Stephen King's Crouch End
Written by: Sophie Taylor
Thought Stephen King-esque Killer clowns were bad? Try taking a wander round his version of Crouch End.
In the late seventies, Steve was staying with novelist buddy Peter Straub in Crouch End. Rather than bask in Priory Park paddling pool and delight in the opening of then new Hornsey Library, he got the willies well and truly. Asking for a good walk recommendation it was suggested he try traversing the old railway line, now referred to as The Parkland Walk. He was told the myth of the spriggan, an unpleasant folkloric character blamed for everything from bad weather to ugly babies. The local legend told of a ghostly ‘goat-man’ who haunted the walk in the 1970s and 1980s.
No, not a Pokemon Gogoat that may or may not be waiting to be caught round the corner. Back then, children were daring each other to do the Parkland Walk from Crouch End Hill bridge to Crouch Hill bridge in the darkness, with nothing but their imagination to keep them company.
So spooked was ol’ Stevie boy that he went on to write an H.P. Lovecraft-inspired short story named, Crouch End set in the area. The tale was included as part of King’s anthology, Nightmares and Dreamscapes in which he mentions his stay with Peter Straub in the introduction (whilst confessing his unbelievably gullible nature and love of myths).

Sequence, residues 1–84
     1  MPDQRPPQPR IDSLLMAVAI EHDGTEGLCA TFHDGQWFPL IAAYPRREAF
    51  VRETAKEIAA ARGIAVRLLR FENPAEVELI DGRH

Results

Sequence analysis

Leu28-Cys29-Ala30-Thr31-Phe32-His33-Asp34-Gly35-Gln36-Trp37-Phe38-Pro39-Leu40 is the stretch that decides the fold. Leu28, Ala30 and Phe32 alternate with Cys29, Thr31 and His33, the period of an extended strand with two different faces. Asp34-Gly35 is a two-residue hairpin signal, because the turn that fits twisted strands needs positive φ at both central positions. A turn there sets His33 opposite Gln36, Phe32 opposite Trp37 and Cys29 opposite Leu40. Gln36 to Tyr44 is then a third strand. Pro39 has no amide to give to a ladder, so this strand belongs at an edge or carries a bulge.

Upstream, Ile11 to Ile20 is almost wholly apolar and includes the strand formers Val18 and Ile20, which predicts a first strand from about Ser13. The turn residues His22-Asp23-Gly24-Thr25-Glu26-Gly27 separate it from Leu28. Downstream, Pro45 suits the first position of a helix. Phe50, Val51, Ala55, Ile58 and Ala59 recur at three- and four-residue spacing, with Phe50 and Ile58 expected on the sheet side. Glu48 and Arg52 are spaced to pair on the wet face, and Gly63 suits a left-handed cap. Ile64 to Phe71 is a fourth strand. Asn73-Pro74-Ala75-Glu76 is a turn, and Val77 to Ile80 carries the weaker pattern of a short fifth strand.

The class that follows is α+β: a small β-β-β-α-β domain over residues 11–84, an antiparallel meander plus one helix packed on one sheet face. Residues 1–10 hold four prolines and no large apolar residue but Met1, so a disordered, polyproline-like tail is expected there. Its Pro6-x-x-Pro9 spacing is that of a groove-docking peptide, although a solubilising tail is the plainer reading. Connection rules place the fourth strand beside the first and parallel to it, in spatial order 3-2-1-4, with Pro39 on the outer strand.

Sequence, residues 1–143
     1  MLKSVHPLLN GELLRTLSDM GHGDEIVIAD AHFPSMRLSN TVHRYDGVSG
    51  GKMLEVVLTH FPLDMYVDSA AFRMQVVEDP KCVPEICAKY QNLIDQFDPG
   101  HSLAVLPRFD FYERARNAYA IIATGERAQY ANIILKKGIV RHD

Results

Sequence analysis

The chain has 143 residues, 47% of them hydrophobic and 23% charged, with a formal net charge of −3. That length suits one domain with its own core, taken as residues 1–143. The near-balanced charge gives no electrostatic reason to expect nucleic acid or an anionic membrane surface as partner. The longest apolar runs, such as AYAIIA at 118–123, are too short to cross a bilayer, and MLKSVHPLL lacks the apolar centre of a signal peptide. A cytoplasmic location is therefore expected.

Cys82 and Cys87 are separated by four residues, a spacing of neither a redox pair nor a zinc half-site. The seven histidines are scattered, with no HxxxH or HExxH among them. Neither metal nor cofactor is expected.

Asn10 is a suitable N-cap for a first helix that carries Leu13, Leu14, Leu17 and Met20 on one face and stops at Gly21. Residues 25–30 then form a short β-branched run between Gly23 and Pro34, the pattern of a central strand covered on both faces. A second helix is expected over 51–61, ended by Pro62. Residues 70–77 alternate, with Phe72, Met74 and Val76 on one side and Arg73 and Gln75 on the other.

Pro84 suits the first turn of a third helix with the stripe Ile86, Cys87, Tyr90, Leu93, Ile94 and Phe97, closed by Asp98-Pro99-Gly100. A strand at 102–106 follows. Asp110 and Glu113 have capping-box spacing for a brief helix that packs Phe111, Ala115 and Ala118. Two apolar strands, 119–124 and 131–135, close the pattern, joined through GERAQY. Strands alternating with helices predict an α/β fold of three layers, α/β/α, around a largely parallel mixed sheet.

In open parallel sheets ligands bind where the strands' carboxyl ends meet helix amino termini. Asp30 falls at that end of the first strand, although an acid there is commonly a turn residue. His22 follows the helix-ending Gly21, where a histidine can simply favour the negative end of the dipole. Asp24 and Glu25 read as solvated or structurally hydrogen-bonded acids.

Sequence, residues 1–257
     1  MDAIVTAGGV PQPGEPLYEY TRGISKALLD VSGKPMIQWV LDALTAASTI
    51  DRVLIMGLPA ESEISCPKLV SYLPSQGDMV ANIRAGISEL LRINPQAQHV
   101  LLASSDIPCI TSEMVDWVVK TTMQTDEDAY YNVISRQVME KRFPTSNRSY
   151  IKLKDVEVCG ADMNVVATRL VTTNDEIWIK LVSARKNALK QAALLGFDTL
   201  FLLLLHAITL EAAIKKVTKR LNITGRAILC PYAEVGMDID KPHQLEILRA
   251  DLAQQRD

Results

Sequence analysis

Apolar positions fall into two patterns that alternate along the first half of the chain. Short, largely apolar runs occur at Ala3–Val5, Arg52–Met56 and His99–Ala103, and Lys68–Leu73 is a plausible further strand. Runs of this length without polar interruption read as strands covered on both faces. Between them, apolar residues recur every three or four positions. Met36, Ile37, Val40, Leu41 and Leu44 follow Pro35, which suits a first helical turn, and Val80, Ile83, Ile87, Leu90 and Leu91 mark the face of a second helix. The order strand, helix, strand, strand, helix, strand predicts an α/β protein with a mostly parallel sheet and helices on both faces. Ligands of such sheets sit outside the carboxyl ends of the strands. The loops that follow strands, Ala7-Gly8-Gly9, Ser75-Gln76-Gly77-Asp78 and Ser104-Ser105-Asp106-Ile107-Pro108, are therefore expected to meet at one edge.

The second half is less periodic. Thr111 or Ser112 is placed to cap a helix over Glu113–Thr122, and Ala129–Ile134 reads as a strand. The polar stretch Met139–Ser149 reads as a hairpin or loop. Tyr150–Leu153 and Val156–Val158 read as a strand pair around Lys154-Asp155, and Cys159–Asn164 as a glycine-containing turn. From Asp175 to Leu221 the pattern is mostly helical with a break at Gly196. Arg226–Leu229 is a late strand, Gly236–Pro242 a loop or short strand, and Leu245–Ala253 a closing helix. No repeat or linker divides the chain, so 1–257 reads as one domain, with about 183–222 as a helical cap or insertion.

In King’s Crouch End we are warned of visiting this strange place of monsters and front lawns that audibly sigh. One of the characters, a Bobby who has policed Crouch End for decades, reminisces about previous missing person cases and claims it is a place ‘where the divide between our world and another more demonic world is at its weakest’. Yeah, sounds about right down the Hill on a Friday night.
In the early nineties the mischievous green man enjoyed another bout of popularity. London based artist and sculptor Marilyn Collins was commissioned to create a sculpture of the spriggan in 1993, who you can see emerging with a grin from an ancient arched wall on Parkland Walk.
In 2006, a television mini-series adaptation of King’s short horror stories was released. The Crouch End episode is suspiciously sunlit and severely lacking North London accents. This could be down to it being filmed half way round the world in Australia, but we can never really be sure.
According to Stephen King, people in Crouch End are known to “lose their way. Some lose their way forever.” Judging from my experience of those dog-loving moon howlers down at Porky’s BBQ, the mischievous elfin sprites at Jealous and the annual Crouch Hill zombie walkers, I’m not entirely unconvinced.
With special thanks to Gillian Davies of Stroud Green for her expert research skillz and general propensity for unearthing weird stories.
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